Rotational Grazing

Rotational Grazing

Rotational Grazing

I have always explained what we do is to raise grass.We then use cattle to harvest that crop.The key to using forages optimally is to rotationally graze these forages.Under rotational grazing the livestock is allowed to graze only one portion of the pasture at a time,allowing the rest of the pasture to rest.To accomplish this the open pasture is subdivided into smaller pastures (called grazing paddocks) and the cattle are moved from one paddock to another. Moving the cattle allows the resting paddocks to renew resources, deepen the forage root base, support and increase the vigor of the forage species, encourage the growth of native grasses, and naturally eliminate parasite and pathogen problems.

At our farm, Rain Crow Ranch, we have 22 paddocks of approximately 120 ac. each.These large paddocks are used for rotating and grazing our mamma cows with their calves and for the weanlings of 400-800 lbs.After this time the cattle to be finished are placed on finishing pasture for the last 120-180 days where the paddocks are of the best forage available, smaller and rotated more frequently.

In order for this system to work pasture rotation is part art/experience and part science.The timing of rotation has to do with the growth rate of the grass.To state it as a general rule:The faster the grass is growing the faster the rotation,the slower the grass is growing the slower the rotation.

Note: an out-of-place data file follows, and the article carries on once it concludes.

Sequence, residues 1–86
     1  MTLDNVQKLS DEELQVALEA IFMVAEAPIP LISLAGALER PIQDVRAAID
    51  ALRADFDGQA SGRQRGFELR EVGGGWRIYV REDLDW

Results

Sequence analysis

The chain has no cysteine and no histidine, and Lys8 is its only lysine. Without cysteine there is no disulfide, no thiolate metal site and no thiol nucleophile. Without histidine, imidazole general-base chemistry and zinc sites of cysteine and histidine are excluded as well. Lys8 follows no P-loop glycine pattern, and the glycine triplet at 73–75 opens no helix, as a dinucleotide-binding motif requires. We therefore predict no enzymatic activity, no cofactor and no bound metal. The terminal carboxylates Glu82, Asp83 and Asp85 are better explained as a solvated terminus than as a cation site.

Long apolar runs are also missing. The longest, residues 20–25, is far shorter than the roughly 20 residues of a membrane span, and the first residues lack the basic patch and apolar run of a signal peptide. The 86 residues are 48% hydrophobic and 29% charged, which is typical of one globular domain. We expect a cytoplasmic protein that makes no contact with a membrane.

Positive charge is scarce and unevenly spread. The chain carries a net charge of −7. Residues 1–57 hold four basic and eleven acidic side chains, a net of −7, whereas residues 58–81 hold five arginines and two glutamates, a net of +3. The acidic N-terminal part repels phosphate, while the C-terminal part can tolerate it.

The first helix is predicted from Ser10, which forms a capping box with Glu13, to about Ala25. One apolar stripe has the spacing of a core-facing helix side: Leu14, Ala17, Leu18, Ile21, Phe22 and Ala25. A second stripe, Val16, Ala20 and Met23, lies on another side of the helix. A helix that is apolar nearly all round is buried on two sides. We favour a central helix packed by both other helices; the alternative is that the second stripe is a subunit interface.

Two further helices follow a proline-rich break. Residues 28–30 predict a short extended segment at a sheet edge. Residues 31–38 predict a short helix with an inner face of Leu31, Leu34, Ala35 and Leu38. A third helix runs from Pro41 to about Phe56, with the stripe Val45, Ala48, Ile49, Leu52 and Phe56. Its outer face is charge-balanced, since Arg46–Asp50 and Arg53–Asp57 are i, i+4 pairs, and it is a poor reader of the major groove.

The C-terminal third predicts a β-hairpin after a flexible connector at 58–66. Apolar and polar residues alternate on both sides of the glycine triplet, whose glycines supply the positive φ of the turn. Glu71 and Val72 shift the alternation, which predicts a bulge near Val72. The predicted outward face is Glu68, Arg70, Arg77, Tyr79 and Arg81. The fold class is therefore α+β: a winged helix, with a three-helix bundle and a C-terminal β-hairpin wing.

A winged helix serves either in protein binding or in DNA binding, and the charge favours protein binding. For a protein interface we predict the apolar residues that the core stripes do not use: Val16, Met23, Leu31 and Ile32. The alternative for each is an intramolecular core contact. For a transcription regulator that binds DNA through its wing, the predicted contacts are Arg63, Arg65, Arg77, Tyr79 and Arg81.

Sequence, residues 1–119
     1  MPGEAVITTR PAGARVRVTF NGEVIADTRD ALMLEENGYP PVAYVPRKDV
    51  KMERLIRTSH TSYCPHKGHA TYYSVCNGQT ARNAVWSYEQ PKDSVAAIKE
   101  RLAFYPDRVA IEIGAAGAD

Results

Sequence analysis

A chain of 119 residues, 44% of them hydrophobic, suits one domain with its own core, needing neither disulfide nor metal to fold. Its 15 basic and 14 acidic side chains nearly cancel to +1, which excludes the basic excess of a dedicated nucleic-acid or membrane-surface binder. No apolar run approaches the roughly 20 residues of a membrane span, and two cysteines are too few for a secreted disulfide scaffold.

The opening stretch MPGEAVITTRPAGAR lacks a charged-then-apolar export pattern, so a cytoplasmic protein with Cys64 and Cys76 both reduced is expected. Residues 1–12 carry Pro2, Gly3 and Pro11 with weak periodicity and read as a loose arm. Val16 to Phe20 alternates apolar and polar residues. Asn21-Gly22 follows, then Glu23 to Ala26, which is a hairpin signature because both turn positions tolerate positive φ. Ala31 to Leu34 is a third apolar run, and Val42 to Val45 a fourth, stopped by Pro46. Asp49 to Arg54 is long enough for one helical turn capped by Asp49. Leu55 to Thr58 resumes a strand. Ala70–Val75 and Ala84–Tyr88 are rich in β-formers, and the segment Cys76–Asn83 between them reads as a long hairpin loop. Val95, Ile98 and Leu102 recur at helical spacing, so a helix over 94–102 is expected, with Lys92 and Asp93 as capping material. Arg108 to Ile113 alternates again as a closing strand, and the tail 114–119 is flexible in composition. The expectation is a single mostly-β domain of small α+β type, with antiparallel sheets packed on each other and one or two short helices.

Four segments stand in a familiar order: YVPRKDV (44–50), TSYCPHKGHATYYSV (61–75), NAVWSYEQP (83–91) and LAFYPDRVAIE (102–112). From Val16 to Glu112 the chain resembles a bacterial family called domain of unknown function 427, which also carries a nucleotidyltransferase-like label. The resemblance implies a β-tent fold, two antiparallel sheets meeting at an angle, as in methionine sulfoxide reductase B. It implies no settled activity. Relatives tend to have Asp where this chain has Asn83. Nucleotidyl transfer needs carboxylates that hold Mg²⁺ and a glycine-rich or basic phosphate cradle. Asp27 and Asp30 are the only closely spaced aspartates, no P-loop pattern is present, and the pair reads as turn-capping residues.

We rotate even during times of winter and summer drought to gain the benefit of parasite and pathogen control.  Yet, this time of the year (Spring) there is lots of new, tender green forage and it is a delight to see the animals anticipation of going to greener pastures.  They gather at the gate ready to move to the next pasture.

Rotation on finishing pasture is much more intense than it is on the large paddocks and yet it provides the maximum nutritional gain for the animals at this stage.  Often these animals are moved every 24 hours and we have done it at 12 hr. intervals.  This may sound stressful but it is not.  It is an easy job both for us as the farmer and for our cattle.  The animals are well trained to move and one person simply lifts a single strand gate and the cattle walk through. They know they are going to be fed and come running when you call.

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